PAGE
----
The Charles Babbage Institute at the University of Minnesota is an archive and research center dedicated to preserving the history of information technology. Instead of physical hardware and software, the CBI preserves the culture and stories of the IT industry, as told by both those who created it and those whom it impacted. Its extensive collection on Social Issues in Computing exemplifies the many challenges that have arisen as the result of the evolution and proliferation of technology, including gaming.
In this episode, I chat with CBI’s current and former archivists, Amanda Wick and Arvid Nelsen. The archive has a growing collection of video game materials, leading me to ask: does the larger technology industry have the same issues of diversity and representation as gaming? Is gaming uniquely a bellwether, or an exemplar, for social issues? Is technology inherently neutral or even positive, as the industry often purports? In what ways are marginalized voices excluded from the authorship of IT’s history? And what does the archive have to say about the classic survival game Oregon Trail, created right in CBI’s home state of Minnesota?
Stream the audio edition of this interview below or from iTunes, Stitcher, Google Podcasts, Spotify, Spoke, Overcast, Pandora, Pocket Casts, iHeartRadio, TuneIn, RadioPublic, or the Internet Archive. Click past the jump for links to resources mentioned in this episode.
Links mentioned in this episode:
- The Charles Babbage Institute at the University of Minnesota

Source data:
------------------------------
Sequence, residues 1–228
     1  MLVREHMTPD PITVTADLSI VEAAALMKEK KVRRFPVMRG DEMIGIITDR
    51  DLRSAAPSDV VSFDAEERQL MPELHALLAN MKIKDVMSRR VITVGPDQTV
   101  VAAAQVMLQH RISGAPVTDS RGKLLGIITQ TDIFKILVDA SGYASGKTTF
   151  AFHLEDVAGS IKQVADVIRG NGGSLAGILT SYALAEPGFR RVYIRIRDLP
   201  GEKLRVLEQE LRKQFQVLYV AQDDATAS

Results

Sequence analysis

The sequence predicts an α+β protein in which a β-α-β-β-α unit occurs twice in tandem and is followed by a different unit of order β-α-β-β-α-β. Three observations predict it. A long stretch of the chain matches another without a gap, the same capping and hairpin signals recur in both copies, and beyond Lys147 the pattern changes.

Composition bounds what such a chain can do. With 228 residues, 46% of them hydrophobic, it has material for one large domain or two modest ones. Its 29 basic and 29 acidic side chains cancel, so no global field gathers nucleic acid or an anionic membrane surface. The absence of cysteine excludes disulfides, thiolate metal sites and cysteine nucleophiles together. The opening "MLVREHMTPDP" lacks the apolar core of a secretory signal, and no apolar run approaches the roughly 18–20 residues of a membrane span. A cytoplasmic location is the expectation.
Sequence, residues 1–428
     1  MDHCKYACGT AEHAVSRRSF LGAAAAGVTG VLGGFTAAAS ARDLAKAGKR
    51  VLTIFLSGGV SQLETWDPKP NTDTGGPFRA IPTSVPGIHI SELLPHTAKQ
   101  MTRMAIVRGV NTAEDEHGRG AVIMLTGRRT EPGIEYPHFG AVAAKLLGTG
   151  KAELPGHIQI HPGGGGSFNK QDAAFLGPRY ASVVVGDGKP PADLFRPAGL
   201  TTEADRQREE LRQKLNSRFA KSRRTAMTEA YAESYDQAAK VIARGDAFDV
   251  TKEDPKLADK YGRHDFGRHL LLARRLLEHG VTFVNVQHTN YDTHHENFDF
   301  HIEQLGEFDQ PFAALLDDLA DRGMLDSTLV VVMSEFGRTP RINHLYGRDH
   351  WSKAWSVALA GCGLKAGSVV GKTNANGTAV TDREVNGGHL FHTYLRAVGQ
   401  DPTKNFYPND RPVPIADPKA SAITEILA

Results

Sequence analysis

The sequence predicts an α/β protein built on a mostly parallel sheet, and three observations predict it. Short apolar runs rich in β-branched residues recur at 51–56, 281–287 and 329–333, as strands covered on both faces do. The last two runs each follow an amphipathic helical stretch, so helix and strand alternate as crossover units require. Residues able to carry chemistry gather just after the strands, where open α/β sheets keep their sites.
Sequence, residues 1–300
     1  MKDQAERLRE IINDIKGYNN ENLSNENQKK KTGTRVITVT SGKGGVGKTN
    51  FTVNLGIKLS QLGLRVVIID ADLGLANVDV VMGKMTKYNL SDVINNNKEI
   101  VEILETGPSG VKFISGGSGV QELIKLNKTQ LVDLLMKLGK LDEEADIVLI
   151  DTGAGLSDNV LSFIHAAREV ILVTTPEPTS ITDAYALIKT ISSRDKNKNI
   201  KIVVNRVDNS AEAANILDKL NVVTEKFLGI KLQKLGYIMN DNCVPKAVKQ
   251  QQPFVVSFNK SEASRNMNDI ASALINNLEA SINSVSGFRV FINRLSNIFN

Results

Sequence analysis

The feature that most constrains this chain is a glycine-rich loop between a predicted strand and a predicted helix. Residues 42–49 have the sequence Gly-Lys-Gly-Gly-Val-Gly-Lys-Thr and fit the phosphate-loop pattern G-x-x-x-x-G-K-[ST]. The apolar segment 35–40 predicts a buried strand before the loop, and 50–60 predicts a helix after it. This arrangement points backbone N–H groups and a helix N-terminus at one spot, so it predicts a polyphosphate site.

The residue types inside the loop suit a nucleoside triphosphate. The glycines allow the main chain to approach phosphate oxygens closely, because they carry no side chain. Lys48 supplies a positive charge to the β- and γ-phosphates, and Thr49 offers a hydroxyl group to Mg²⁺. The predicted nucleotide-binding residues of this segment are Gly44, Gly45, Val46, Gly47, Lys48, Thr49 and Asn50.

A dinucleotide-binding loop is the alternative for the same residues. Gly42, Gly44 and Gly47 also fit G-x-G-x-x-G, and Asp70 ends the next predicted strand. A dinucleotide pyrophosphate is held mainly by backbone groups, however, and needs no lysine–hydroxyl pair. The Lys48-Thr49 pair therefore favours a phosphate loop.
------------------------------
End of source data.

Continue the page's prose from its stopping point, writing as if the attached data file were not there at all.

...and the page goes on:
- Juiced.GS visits the CBI
- CBI’s Oral Histories collection
- Oral history interviews by Kevin Savetz of ANTIC, the Atari 8-Bit podcast
- Computing Educators Oral History Project
- Minnesota Educational Computing Consortium (MECC)
- Digital State: The Story of Minnesota’s Computing Industry by Thomas J. Misa
- The Oregon Trail (MS-DOS) on the Internet Archive
- Jason Scott tweets about The Oregon Trail’s popularity
- Odell Lake (Apple II) on the Internet Archive
- CBI’s Social Issues in Computing Collection
- “Race and Computing: The Problem of Sources, the Potential of Prosopography, and the Lesson of Ebony Magazine” by Arvid Nelsen, published in IEEE Annals of the History of Computing and excerpted by the IEEE Computer Society
- Hidden Figures
- Born with Curiosity: The Story of Grace Murray Hopper
- Warren Robinett’s first Easter egg in Adventure for the Atari 2600
- Bill Budge, Electronic Arts’ first rock-star programmer
- Rise of the Videogame Zinesters by Anna Anthropy